Parkinson's website improves data access

Related tags Parkinson Parkinson's disease Dopamine

Scientists researching pharmaceutical treatments for Parkinson's
disease are invited to submit study information to a new patient
website, which is intended to improve access to information on
Parkinson's clinical trials, speeding up the process of developing
an effective drug therapy.

The new reference tool brings hope to the 1.5 million people who suffer from Parkinson's disease, and about 60,000 new patients are diagnosed every year in the US. Although it is commonly thought of as a disease of the elderly, 15 per cent of Parkinson's victims are under the age of 50.

The website,​, aims to provide a tool for patients and physicians to identify trials that are actively seeking patients. The site will also help to educate patient communities on the value of clinical research.

Parkinson's disease is a progressive, degenerative neurological disorder in which dopamine-producing neurons in the part of the brain responsible for coordinating muscle movement die or become so damaged that they are no longer able to function.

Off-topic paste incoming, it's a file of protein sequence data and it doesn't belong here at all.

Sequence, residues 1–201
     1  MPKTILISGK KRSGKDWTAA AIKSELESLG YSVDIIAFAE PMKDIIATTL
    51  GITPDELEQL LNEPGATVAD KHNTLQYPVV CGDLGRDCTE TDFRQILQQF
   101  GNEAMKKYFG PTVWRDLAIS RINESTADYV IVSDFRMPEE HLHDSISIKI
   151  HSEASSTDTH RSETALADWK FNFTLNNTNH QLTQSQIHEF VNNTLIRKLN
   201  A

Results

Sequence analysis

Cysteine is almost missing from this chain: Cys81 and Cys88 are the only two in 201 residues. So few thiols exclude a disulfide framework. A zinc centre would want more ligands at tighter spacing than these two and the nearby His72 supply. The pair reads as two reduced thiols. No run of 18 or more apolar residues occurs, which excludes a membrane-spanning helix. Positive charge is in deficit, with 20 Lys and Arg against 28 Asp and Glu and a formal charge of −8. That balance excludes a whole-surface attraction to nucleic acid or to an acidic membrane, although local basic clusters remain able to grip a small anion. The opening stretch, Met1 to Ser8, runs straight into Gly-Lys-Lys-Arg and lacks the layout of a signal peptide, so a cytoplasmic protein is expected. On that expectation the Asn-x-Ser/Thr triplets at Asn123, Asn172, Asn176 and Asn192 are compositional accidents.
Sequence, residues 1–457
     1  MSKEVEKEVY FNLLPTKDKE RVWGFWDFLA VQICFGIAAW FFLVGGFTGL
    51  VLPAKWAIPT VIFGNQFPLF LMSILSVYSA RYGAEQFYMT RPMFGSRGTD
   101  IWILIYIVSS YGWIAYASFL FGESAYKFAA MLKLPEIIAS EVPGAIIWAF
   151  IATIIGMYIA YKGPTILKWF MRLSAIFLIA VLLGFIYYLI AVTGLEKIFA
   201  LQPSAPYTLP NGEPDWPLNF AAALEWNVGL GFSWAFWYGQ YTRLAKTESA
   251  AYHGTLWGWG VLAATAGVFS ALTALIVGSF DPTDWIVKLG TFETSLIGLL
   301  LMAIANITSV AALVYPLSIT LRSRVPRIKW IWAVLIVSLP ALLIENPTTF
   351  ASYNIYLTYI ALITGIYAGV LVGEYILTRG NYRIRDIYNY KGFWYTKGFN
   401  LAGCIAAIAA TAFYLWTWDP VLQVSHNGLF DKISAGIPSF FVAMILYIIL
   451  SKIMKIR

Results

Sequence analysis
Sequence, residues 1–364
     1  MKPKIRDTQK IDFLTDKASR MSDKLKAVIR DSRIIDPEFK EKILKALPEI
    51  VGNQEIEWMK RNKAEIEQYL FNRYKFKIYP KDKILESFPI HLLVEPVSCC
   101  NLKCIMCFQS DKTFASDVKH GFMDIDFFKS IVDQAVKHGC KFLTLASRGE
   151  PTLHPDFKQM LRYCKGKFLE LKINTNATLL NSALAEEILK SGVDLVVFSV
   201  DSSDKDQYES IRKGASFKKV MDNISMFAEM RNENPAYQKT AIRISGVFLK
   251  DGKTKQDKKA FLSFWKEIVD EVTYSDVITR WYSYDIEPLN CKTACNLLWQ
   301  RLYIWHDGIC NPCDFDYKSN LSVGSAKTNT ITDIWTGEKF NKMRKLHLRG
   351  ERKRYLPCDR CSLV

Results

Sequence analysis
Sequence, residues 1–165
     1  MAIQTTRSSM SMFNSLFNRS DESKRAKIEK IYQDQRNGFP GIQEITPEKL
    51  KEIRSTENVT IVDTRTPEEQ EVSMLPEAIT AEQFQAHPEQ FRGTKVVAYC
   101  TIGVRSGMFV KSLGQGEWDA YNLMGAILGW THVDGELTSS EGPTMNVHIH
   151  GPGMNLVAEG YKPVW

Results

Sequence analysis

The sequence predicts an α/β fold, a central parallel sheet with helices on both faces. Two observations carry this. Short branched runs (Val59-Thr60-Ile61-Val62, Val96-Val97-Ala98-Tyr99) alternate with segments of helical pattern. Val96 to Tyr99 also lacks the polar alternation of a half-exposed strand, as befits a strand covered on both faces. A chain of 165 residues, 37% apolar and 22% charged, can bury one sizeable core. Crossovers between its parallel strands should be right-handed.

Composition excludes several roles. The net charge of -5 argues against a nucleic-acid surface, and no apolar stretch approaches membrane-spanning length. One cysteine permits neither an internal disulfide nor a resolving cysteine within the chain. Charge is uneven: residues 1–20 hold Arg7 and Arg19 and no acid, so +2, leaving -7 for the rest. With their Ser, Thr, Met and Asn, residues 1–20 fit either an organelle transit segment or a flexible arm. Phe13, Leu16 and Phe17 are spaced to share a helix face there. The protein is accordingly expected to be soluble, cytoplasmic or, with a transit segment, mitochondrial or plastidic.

Dopamine is a neurotransmitter, a "chemical messenger" that transfers information from neuron to neuron, ultimately allowing us to use our muscles in a smooth, coordinated way. Disease symptoms, such as tremor, rigidity, difficulty coordinating movement and difficulty with balance, begin to manifest themselves when about 80 per cent of a victim's dopamine-producing neurons have died.

The concept of the website grew from a public awareness initiative known as Advancing Parkinson's Therapies (APT). The site currently lists over 30 Parkinson's clinical studies recruiting patients in the US and includes interventional and observational studies.

Only about 5-10 per cent of Parkinson's appears to be inherited, and to date five genes have been implicated in patients with a familial history of the disease. Studies of these inherited forms of Parkinson's have led to insights on its pathogenesis in sporadic or non-inherited cases.

The cause of Parkinson's disease is currently unknown and there is no way to prevent its onset and once diagnosed, it has no cure. Treatment is limited to ameliorating symptoms with a variety of therapies, including dopamine-based drug therapy.

Related topics Preclinical Research Drug Delivery

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